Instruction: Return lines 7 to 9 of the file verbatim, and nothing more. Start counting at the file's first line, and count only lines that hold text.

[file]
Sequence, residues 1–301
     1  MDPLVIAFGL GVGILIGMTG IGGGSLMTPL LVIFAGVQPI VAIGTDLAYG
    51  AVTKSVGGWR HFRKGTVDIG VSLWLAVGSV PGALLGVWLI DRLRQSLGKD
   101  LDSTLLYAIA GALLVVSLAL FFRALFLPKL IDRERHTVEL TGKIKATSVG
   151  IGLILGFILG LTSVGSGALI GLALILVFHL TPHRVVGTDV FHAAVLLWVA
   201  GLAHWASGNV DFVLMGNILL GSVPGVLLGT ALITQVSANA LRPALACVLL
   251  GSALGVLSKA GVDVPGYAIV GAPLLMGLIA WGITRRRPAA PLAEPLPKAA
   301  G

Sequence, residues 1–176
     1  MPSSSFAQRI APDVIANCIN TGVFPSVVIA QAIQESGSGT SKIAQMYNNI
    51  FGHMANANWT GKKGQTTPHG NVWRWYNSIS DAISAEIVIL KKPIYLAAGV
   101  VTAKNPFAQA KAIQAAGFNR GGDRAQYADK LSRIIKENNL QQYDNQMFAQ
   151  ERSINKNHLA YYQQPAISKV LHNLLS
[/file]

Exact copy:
   251  GSALGVLSKA GVDVPGYAIV GAPLLMGLIA WGITRRRPAA PLAEPLPKAA
   301  G

Sequence, residues 1–176